According to the CDC, almost 24 million Americans have diabetes. This includes an estimated 6 million Americans that have diabetes but have not been diagnosed. Almost 40% of individuals with diabetes are age 65 and older.
Most individuals have type 2 diabetes. In type 2 diabetes, the body produces insulin, but it does not produce enough of this hormone, or the cells don’t respond appropriately. The result is elevated blood sugar and sometimes an elevated insulin level.
The blood sugar is high because the sugar is not being taken into the cells and utilized for energy properly. Most diabetics over the age of sixty have type 2 diabetes.
Diabetic Foot Pain Home Remedies
1. Wash Your feet Frequently
Wash your feet using warm water. Be careful not to use extremely hot water, or you could end up burning your feet. We recommend getting a water thermometer for checking your temperature before dipping your feet. You could never be too careful.
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Foot soaks are not recommended for people with. Avoid using bleach, peroxide, or any other ingredients with chemicals. Use only plain soap and water to clean your feet
2. Wear Diabetic Socks
Wear professionally knitted socks for people with diabetes. These socks have a wide base and are nonbinding, meaning they don’t stick to your feet. The knitting is specifically made loose to let blood flow without any restrictions.
These socks have Moisture Wicking System. This keeps your feet always dry and feeling comfortable. Bamboo’s anti-bacterial and anti-odor natural properties inhibit bacteria and control foot odor. The bamboo fiber used in knitting is soft, reducing the chances of blisters on your foot.
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3. Wear Diabetic Shoes and Sandals
Always wear shoes even when indoors. Some of the features that make these shoes stand out include; a deep and wide toe box, a seam-free interior, an orthotic insole already included, and perfect foot cushioning for the ball of the foot and the heel.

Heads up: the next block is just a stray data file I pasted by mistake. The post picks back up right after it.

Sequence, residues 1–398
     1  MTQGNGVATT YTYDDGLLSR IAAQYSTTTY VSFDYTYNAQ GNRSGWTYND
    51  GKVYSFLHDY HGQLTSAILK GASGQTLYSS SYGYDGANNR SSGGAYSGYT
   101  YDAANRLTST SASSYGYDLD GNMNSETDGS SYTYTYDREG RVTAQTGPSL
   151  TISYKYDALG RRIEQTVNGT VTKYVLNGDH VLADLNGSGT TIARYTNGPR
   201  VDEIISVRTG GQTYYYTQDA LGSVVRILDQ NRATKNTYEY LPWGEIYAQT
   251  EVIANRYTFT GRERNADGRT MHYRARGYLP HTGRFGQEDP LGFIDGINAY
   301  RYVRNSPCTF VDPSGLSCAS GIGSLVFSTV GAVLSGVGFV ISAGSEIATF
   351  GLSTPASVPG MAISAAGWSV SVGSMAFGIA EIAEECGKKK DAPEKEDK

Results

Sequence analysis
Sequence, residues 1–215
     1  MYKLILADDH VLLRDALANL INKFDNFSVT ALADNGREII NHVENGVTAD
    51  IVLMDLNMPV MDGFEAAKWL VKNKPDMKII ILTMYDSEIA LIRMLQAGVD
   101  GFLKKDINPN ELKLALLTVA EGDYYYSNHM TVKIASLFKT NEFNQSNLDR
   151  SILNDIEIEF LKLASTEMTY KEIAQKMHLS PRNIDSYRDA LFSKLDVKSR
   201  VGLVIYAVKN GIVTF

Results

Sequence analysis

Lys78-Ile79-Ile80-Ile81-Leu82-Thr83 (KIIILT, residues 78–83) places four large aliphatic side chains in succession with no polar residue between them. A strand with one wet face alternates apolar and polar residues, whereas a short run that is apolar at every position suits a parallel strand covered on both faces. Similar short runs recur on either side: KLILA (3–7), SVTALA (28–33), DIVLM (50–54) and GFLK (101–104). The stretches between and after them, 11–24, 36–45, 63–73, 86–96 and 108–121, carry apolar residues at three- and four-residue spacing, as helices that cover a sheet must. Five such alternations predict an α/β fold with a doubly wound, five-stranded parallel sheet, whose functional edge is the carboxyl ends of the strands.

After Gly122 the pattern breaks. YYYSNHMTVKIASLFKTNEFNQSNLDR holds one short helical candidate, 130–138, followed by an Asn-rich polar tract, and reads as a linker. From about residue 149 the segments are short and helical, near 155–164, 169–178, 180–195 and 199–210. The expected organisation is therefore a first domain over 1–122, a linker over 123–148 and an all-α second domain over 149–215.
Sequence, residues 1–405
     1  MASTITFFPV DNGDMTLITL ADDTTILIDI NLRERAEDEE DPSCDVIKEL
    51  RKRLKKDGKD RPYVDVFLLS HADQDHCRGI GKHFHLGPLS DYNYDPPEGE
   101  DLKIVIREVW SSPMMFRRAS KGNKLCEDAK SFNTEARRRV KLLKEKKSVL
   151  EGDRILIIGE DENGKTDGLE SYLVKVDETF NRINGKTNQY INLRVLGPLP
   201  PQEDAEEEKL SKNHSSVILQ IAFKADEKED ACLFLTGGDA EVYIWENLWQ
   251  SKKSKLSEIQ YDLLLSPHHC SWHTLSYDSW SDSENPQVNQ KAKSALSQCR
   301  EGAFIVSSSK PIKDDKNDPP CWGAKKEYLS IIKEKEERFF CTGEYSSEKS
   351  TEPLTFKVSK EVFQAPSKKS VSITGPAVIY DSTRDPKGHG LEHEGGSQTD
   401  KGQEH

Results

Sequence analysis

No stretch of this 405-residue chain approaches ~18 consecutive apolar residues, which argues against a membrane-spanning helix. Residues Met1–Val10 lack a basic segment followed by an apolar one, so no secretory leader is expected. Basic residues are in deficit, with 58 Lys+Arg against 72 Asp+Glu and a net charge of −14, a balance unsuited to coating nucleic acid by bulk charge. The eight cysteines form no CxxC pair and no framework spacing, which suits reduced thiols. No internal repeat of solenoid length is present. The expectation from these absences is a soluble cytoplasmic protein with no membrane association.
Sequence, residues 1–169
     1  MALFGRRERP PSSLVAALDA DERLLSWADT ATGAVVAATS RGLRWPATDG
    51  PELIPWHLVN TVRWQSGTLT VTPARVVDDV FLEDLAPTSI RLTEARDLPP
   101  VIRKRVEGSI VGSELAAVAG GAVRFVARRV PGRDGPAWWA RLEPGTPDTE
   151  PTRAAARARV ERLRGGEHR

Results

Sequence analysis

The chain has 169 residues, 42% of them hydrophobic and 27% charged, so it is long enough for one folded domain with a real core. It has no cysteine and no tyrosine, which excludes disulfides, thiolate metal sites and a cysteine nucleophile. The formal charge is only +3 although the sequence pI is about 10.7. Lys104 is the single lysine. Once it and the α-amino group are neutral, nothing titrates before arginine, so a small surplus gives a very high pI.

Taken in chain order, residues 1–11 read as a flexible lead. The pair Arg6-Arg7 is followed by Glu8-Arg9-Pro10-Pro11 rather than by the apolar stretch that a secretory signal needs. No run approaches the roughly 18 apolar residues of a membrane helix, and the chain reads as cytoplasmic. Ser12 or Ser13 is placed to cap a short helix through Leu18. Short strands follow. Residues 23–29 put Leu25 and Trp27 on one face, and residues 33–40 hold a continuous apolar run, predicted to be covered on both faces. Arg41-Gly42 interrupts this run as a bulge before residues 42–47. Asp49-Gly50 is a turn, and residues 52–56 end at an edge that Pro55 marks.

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Take these steps to help prevent diabetic foot complications:
1. Check your feet every day! This is an absolute necessity. If you can’t reach your feet, have a friend or family member check your feet. If needed, put a mirror on the floor and put your foot over it to look for cuts, scrapes, bruises, openings, or areas of irritation. Make sure you check between your toes. Look for moist areas, white areas, or red areas. Look for anything unusual. If you see something unusual, make an appointment with your podiatrist.
2. Don’t walk around barefoot. Needles, tacks, broken glass, and wood splinters can be hidden in the carpet, even if you vacuum regularly. You can puncture a foot without sensation. Punctures can go unnoticed and develop into ulceration or infections.
3. Watch out for folds in your socks. Rough seams and small folds in the socks can cause areas of irritation that may lead to skin breakdown and ulceration.
4. Don’t be a victim of fashion. High fashion shoes usually lead to many problems for the feet. Make sure the shoes are wide enough. Don’t buy shoes that are too wide or too long which can cause a lot of slipping. Pick soft and flexible shoes and allow for cushioning on the top and sides, but are rigid on the sole. Make sure they don’t fold in half. You may be eligible for your insurance to pay for diabetic extra-depth shoes with custom insoles. These shoes will take the pressure off your feet and help prevent ulcerations. Ask your doctor. General information for choosing shoes.
5. Check your bath water with a thermometer before putting your foot in it. Your foot’s temperature is much different from the temperature your hand feels when you have neuropathy. Make sure to check the temperature with your wrist. This will be much more accurate than testing the water with your foot.
6. Avoid medicated corn pads. Medicated corn pads contain acid and can be dangerous to people with diabetes. Yes, it will remove the corn, but it is a good chance to remove all the surrounding skin. What you will be left with is ulceration. Check foot products you buy to ensure they are safe for people with diabetes.
7. Dry between your toes. Increased moisture between your toes can lead to the skin breaking down or foot fungus. This can eventually lead to an ulcer between the toes. Ulcers between the toes go unnoticed for longer periods and can be difficult to treat.
8. Avoid cotton socks. Those white cotton socks you were told to wear for many years are not the right socks for a person with diabetes. Cotton socks don’t wick moisture properly; they quickly loose elasticity and have a greater chance of thick seams and bunching at the toes. Try synthetic socks, acrylic, small fiber wool socks, or diabetic socks. More information on socks.
9. Know your risk. Some people with diabetes do not have any loss of sensation or circulation in their feet. They are not at risk of developing ulceration and have a low risk of an infection becoming a problem. Others have severe neuropathy or circulation problems and don’t know it. It’s important to know your risk. Ensure your primary care doctor evaluates your feet and uses a monofilament wire (thin wire to assess sensation) or refers you to a podiatrist.
10. Do not trim your toenails, calluses, or corns. If you lose sensation or blood supply, then have your podiatrist trim your corns, calluses, or toenails every two months.
All these tips will help reduce your diabetic foot pain. However, the most important aspect is visiting your podiatrist at least once a month for a date diagnosis.